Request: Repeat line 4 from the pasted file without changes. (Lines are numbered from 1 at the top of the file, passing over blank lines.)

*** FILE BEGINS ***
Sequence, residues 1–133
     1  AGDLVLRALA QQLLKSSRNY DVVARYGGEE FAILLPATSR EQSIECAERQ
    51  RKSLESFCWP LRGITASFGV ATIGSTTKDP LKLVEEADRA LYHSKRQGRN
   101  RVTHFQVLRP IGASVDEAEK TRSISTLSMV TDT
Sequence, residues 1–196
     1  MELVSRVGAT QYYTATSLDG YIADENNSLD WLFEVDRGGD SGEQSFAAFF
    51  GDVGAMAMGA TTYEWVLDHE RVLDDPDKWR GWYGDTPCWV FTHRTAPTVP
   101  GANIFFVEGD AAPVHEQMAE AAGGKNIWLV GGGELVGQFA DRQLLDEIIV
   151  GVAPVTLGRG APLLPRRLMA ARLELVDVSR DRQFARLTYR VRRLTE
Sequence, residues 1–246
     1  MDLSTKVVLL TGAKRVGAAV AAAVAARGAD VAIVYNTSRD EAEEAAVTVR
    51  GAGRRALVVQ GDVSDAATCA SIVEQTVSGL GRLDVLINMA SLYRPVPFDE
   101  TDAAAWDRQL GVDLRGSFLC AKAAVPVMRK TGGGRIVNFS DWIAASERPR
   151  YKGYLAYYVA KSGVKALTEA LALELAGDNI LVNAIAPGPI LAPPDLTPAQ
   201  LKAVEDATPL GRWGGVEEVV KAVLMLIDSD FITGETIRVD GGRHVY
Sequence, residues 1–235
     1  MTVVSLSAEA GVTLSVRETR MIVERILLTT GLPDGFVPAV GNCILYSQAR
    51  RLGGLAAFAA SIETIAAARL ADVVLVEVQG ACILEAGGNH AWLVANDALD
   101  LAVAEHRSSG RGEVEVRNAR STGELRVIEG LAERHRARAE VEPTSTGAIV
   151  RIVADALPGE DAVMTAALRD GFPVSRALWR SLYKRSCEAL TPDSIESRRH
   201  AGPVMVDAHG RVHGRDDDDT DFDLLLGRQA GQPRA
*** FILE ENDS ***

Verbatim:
   101  RVTHFQVLRP IGASVDEAEK TRSISTLSMV TDT